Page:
Letters

Nip malpractice insurance costs in the bud

Regarding: "Liability costs drive doctors from practice" (July 17): I've watched with great interest the debate between the insurance companies, lawyers, and doctors to determine who's most responsible for the meteoric rise in malpractice insurance costs. One fact seems clear: No malpractice means no malpractice claims, which means no rise in malpractice insurance rates.

The American Medical Association (AMA) refuses to disenfranchise doctors who are most responsible for the malpractice claims and, as a result, we all suffer the consequences. It's time legislators overcame the lobbying from the AMA and passed stringent quality controls to weed out the bad eggs from medicine. The sooner they take action on this, the better off we'll all be.
Jack Hadder
Destin, Fla.

It is not only doctors who are quitting or changing areas of practice because of fears of malpractice suits.

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I graduated as a nurse anesthetist in 1960, and went on to work in that field for years without ever having had a malpractice claim filed against me.

Because of the stress of being sure all paperwork was completed so some lawyer could not turn a successful outcome into a malpractice fiasco, and feeling that medicine was no longer for the patient's welfare, I quit and walked away from the work I loved 10 years before I had planned to retire.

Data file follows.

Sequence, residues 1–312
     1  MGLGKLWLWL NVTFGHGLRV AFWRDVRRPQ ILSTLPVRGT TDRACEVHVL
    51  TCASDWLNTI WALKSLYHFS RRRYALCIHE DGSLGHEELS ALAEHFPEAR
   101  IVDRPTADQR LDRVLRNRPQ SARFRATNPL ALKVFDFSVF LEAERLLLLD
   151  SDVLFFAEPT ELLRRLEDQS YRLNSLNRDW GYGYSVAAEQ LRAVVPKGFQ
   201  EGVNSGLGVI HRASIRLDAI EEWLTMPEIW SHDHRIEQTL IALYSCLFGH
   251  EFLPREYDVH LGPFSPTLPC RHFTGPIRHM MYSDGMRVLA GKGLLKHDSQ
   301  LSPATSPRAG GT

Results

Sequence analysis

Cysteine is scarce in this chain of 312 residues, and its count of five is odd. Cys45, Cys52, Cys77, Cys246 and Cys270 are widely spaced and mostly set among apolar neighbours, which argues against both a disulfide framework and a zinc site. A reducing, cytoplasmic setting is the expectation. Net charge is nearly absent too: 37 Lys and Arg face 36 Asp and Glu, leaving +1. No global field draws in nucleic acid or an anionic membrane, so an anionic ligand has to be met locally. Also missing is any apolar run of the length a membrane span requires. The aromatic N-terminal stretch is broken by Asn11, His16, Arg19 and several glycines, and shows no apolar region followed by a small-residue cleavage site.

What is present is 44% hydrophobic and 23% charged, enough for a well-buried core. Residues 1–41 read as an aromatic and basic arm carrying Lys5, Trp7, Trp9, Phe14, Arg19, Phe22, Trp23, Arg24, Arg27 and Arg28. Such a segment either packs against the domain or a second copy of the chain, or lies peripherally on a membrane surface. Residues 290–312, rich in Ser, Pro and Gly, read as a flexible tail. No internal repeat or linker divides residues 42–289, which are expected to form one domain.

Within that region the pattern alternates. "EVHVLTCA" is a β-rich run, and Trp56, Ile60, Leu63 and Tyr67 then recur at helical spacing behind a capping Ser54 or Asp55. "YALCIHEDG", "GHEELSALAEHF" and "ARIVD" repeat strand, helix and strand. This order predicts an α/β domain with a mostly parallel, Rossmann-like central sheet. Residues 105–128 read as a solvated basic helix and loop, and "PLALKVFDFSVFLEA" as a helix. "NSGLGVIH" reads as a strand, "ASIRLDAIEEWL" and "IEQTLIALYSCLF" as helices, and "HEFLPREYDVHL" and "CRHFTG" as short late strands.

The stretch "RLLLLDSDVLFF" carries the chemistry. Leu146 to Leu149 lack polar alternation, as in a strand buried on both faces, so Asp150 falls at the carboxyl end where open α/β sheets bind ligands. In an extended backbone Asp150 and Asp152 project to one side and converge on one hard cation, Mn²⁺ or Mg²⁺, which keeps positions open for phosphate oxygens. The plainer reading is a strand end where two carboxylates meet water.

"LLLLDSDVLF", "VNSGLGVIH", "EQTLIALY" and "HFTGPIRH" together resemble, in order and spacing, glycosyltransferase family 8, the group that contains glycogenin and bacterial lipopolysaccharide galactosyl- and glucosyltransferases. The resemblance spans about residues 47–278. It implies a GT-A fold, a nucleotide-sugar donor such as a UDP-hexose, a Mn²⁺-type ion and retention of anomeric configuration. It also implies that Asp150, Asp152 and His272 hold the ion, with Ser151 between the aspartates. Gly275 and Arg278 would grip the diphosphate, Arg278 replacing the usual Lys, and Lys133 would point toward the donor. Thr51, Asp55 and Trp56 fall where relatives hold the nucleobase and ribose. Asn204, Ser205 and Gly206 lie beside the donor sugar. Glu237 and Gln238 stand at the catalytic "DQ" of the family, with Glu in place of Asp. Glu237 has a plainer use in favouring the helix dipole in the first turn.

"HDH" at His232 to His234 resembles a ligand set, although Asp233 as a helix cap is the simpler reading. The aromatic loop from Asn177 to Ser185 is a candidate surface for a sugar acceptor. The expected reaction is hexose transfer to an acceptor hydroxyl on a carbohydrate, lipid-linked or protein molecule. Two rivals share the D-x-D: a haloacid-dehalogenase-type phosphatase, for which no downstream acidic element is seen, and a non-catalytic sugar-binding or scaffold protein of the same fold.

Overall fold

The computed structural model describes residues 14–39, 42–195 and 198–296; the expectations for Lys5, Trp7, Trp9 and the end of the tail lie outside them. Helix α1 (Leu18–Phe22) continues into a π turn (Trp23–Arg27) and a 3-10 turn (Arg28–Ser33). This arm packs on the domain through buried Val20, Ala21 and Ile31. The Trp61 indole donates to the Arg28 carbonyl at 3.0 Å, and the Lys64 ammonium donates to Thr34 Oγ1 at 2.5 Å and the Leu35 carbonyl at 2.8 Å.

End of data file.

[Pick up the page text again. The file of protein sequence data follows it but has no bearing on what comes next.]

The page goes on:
The patients are the ones who suffer, and it is lawyers and those patients wanting to become multimillionaires because of false claims (or even actual complications) who are to blame.
Ann Melton
Bellingham, Wash.

I agree with the Citizens for Justice in Nevada referred to in "Liability costs drive doctors from practice" when they say that "as their [insurance companies'] investments lose value in the stock market, they're inflating premium prices." The same phenomenon is occurring in the housing industry.

State Farm, and many other insurers, are refusing to write new homeowners policies because of too many claims due to water intrusion. Builders can't seem to build houses today that will keep the rain out and at the same time the National Association of Home Builders' lobbyists are working hard to limit consumer protection.

All homeowners want is what they paid for – a safe and sound home for their family. If builders build houses right or respond in a timely manner to repair defects properly, there would be no lawsuits in the first place.
Nancy Seats
Liberty, Mo. President, Homeowners Against Deficient Dwellings


A Kennedy example for all of us

William S. Klein's "The Gifts of a Kennedy Father" (Opinion, July 16) offers a refreshing look at Maryland's Lt. Gov. Kathleen Kennedy Townsend and the lasting impact that her father, Robert Kennedy, has had on her life as well as on our country. In an age of cynicism and political disengagement, Mr. Klein reminds readers of Mrs. Townsend's determination to carry on RFK's belief that we as a people have a critical role to play in the welfare of our nation.

Let us hope that as Townsend continues her father's commitment to public service, the American people will rediscover that they, too,can play an active role in the formation of American public policy – or as RFK stated, "do something for [their] country."
David M. Huff
Arlington, Va.

Correction: In Roger Carstens's July 15 Opinion piece, "No guns in the cockpit," the correct name of the organization he mentioned is the Violence Policy Center.

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